Lesson Plan - Get It!
Why is a much larger capitol building needed today, compared to when it was initially constructed in the early 1790s? Isn't it already huge? And, why is the capitol in the capital spelled differently?
In 1790, the Residence Act was passed, making Washington, D.C., the official capital of the relatively new nation.
It was immediately proposed that a home be built in the capital for the president and his family and, shortly after, it was proposed that a building be constructed to house the legislative branch of government.
Do you know what the legislative branch of government is composed of? Tell your teacher or parent.
The legislative branch is made of the parts of the American government that create laws. This group of people is called, "Congress," and Congress consists of the Senate and the House of Representatives.
The needs of the Capitol building were very different in 1791, compared with today. Then, the relatively new nation consisted of only 14 states, meaning there were about 50 members of Congress. Today, there are 50 states and 535 members of Congress.
This is just one of the many problems that have existed with the construction of the Capitol building over the years. In this lesson, you will learn the history of the United States' Capitol and take a virtual field trip to the home of the legislative branch.
In 1791, construction on the nation's capital began. The French architect, Pierre Charles L'Enfant, was put in charge of overseeing the construction of the new city. Today, Washington, D.C., is one of the busiest cities in the world, but when construction first began, it was nothing but empty land. L'Enfant had a big responsibility: designing unique buildings and placing them in the best locations across the bare land. He decided the Capitol should be placed in the location where the elevation is the highest, and it remains in this location today.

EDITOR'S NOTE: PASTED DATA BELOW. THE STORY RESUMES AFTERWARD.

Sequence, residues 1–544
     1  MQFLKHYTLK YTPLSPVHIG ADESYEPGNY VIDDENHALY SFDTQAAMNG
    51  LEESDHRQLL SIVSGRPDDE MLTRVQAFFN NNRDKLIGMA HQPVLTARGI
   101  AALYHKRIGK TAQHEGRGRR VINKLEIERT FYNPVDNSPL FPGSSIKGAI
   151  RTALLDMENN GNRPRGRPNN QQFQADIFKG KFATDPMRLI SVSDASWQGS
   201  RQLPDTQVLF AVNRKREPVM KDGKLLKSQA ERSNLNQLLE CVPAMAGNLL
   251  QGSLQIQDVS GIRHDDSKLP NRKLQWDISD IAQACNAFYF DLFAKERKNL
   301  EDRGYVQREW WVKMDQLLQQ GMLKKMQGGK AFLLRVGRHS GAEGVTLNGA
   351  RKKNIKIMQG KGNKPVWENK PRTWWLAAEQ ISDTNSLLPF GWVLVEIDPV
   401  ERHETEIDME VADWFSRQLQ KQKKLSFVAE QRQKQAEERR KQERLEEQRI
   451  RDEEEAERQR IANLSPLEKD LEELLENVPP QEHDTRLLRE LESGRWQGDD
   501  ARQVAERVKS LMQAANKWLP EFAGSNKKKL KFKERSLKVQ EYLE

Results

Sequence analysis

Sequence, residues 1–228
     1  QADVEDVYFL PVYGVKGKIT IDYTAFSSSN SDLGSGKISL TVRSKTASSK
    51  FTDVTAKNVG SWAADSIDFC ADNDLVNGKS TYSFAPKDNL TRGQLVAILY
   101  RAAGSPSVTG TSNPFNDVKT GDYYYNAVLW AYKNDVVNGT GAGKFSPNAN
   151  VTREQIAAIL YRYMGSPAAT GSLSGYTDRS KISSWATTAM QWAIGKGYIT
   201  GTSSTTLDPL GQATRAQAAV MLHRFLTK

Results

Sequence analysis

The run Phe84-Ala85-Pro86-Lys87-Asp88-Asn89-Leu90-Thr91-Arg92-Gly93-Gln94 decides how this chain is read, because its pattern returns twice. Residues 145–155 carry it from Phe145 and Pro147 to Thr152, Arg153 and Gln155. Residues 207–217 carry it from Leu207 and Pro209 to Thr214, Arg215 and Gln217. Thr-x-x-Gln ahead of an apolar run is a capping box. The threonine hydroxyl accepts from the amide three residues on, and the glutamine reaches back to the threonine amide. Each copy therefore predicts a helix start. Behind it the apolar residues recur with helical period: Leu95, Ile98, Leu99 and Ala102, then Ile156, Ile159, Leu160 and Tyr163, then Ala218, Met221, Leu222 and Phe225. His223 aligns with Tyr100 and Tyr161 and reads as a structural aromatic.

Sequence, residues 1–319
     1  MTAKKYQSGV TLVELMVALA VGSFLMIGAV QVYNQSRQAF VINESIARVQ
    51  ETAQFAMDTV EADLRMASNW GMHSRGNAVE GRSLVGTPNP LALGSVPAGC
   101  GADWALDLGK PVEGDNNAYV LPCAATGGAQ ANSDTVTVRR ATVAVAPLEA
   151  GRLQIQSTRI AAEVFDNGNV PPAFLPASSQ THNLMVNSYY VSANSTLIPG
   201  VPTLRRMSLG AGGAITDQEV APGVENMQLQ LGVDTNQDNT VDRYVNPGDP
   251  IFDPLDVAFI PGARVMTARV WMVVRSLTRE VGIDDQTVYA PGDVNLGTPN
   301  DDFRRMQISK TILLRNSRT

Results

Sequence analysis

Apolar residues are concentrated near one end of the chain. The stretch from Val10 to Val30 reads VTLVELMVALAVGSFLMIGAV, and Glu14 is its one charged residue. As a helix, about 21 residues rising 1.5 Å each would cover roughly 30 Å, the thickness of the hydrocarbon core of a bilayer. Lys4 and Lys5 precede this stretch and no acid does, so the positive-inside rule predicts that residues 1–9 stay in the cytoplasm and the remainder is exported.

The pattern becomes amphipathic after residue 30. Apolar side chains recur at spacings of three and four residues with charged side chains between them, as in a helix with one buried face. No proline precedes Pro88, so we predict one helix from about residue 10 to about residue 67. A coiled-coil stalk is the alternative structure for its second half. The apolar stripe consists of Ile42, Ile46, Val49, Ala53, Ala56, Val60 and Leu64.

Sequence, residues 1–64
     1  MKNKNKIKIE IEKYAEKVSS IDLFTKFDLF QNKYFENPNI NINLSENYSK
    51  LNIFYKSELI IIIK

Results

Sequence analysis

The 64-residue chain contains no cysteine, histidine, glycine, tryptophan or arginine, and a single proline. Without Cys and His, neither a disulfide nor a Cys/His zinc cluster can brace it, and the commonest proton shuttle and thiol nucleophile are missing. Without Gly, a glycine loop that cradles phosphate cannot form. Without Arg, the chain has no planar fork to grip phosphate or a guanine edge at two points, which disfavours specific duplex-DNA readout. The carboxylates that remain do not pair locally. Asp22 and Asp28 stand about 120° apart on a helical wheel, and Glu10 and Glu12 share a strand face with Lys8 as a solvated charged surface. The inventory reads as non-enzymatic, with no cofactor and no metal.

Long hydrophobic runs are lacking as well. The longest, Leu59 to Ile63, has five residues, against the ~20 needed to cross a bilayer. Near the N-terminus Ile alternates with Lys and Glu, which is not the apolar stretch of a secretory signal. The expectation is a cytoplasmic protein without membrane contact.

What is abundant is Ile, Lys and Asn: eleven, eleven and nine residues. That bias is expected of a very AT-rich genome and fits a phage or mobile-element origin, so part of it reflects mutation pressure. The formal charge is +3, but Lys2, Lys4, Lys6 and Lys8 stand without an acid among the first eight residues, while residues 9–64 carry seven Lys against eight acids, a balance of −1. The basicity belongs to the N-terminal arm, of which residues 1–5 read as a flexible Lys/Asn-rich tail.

While L'Enfant can be credited with the location of the Capitol, he can be credited with little else. He was responsible for developing the designs for the building and overseeing its construction, but he never actually produced any designs. According to L'Enfant, the designs were in his head and he did not need to draw them. For this reason, Congress fired him from the job.
Rather than hiring a new architect, Thomas Jefferson (who was Secretary of State at the time) decided to open the responsibility to the public. A competition was held to see who could design the best capitol building. Altogether, 17 ideas were submitted, but none were found to be good enough. A few months later, Congress received a request from a Scottish doctor living in the British West Indies, William Thornton. Even though the competition had ended, Thornton asked for an opportunity to design the Capitol building. His request was granted, and it is a good thing it was. Thornton produced plans for a building divided into three sections; two wings for each body of the legislative branch and a center section for other government offices. The plan was approved by President Washington, and construction began in 1793.
Construction on the Capitol building was plagued with problems, and it took many years to complete.
- Architects responsible for overseeing the construction were frequently fired for suggesting changes to the design.